Japanese robots to colonize Moon

We wish we were joking. From the NY Daily News, June 1:

Move over C-3PO.

The Japanese space agency is embarking on a mammoth $2.2 billion project to put humanoid robots on the moon and create an unmanned robot lunar base by 2020, according to Prime Ministers office.

The robots will be 660-pound machines equipped with tank-like treads, solar panels, seismographs, high-def cameras, according to CNet.com.

They will also have human-like arms that can collect samples and debris from the moons surface which can then be sent back to Earth via rocket ship.

“Humanoid robots are glamorous, and they tend to get people fired up,” Japanese space entrepreneur Noriyuki Yoshida told The Daily Yomiuri. “We hope to develop a charming robot to fulfill the dream of going to space.”

But the robots main objective will be to construct the unmanned base, which the Japanese believe will be essential to future research and exploration of the solar system.

The robots are also said to operate with a degree of autonomy, although hopefully not the extent of HAL 9000 from 2001: A Space Odyssey.

Bad enough that the technosphere is rapidly colonizing Planet Earth. Now they want to export it to the rest of the solar system.

See our last posts on Japan, the struggle for control of space, and the rule of the robots.

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  1. US imperialist aggression against the Moon
    No we aren’t joking. From the New York Times, Dec. 17:

    Ebb and Flow are no more. The two spacecraft of NASA’s Grail mission crashed on the Moon at about 5:28 p.m. Eastern time, about 30 seconds apart, one of the few times that cheers and claps have been heard in the control room to celebrate the loss of a spacecraft.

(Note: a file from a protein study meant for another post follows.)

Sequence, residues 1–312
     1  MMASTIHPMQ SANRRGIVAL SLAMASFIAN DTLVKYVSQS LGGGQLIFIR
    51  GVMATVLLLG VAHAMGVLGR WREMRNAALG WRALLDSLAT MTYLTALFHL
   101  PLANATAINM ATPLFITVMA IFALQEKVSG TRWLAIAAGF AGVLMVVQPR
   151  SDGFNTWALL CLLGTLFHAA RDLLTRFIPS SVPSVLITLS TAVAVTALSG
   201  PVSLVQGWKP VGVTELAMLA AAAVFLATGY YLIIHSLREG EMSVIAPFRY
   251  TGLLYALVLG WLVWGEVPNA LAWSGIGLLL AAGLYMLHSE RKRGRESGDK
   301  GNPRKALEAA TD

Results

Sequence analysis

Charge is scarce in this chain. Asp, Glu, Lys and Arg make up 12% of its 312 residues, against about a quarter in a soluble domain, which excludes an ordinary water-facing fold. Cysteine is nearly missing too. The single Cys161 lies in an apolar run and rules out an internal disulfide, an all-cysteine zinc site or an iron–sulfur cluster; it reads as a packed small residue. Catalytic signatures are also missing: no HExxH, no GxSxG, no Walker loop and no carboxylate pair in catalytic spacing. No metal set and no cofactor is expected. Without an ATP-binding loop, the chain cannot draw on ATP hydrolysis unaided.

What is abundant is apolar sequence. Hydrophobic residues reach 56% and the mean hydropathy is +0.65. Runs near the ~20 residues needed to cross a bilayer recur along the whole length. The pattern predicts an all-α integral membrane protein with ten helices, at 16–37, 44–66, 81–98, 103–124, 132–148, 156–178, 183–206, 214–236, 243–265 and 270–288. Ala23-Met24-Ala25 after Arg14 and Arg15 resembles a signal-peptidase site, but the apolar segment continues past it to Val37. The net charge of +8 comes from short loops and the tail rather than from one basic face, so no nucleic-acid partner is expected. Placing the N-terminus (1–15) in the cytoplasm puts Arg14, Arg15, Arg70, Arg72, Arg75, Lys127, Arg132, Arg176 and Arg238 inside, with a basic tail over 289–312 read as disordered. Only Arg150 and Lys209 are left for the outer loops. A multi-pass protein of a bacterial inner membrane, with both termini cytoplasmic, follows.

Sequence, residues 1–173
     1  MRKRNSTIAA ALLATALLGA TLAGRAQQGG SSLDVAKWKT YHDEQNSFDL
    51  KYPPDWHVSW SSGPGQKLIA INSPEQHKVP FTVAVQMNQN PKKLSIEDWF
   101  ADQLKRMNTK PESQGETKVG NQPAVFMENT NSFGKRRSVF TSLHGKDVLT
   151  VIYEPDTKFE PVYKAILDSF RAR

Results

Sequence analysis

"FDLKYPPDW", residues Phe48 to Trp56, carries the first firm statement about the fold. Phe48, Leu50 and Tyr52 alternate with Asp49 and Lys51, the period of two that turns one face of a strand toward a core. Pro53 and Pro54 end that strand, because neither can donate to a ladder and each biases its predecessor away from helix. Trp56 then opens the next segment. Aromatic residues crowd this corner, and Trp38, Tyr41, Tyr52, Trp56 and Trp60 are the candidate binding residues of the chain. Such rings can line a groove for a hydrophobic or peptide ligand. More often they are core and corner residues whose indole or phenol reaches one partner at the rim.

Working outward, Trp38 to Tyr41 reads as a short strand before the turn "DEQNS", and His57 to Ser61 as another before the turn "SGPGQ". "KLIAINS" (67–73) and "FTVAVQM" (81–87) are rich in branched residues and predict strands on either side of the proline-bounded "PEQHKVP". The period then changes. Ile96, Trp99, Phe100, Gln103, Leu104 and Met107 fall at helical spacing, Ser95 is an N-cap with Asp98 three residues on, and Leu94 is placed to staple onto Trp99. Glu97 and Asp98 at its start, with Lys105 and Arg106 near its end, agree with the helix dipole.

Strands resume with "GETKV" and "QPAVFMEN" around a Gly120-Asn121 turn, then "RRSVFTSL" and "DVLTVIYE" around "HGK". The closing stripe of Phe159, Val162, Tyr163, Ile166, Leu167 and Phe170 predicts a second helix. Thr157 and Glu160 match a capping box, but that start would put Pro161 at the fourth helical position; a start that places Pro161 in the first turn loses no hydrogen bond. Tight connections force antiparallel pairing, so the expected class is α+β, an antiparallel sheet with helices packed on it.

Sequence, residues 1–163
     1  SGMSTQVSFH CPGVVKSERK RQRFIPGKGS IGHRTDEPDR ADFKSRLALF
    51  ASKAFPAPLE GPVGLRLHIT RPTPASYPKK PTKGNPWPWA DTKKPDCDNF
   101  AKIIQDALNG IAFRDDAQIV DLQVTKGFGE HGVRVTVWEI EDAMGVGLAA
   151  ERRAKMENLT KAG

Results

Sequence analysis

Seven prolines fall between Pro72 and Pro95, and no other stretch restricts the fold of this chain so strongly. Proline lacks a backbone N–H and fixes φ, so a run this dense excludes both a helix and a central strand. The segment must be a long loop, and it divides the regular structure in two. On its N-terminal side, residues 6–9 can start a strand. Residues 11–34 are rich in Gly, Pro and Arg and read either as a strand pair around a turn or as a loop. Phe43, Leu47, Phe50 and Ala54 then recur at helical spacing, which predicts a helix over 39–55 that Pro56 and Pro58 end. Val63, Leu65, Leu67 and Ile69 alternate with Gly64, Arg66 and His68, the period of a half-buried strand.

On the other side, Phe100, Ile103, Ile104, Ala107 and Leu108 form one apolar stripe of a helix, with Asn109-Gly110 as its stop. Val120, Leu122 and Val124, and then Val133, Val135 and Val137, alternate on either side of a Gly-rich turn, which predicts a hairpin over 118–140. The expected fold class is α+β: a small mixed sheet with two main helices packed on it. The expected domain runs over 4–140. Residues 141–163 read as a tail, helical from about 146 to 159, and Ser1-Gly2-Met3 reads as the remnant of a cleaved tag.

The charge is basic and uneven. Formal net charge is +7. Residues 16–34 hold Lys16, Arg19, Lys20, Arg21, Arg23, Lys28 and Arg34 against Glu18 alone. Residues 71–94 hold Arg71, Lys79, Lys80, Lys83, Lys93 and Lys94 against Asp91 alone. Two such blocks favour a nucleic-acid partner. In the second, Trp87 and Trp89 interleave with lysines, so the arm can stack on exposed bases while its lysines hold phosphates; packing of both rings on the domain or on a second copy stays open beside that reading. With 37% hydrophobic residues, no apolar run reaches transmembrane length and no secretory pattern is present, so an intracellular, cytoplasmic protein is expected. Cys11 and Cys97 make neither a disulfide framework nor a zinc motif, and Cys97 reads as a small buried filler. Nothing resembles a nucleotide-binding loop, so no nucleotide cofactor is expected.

NASA also announced it had named the impact sites after Sally Ride, the first American woman in space.

    The crashes into a lunar mountain brought the yearlong mission to map the Moon’s gravity field to an end. The twin spacecraft were running low on maneuvering fuel, and NASA wanted to make sure that they did not accidentally destroy a historical site like one of the Apollo landings — ­ unlikely, but possible.

    NASA broadcast live commentary of the impacts on its Web site, but provided no live video showing the probes hitting the Moon.

    Why doesn’t the “Hands Off Syria” crowd ever get excited about this? We’re serious.

  2. Yes, the Administration does support blowing up planets!
    Too, too, too ironic. The White House coyly responds to a petition urging construction of a Death Star (not sure if it was intentionally ironic or not) with the line: “The Administration does not support blowing up planets.” (NBC’s Cosmic Log blog, Jan. 11)

    What?!? Just days after they bombed the Moon?! Who are they kidding!?!

    And why are we alone in pointing this out?